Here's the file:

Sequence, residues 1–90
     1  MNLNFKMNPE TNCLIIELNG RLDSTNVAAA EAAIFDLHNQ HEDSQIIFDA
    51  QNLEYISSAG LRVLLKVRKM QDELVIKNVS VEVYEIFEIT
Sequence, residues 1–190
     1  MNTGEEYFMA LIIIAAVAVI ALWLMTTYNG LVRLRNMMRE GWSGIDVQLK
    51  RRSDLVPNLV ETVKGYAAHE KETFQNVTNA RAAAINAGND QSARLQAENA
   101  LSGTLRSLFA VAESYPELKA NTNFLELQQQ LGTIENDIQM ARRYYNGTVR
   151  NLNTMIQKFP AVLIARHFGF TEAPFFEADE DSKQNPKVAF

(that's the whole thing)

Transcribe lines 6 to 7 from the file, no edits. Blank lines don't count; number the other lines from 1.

    51  RRSDLVPNLV ETVKGYAAHE KETFQNVTNA RAAAINAGND QSARLQAENA
   101  LSGTLRSLFA VAESYPELKA NTNFLELQQQ LGTIENDIQM ARRYYNGTVR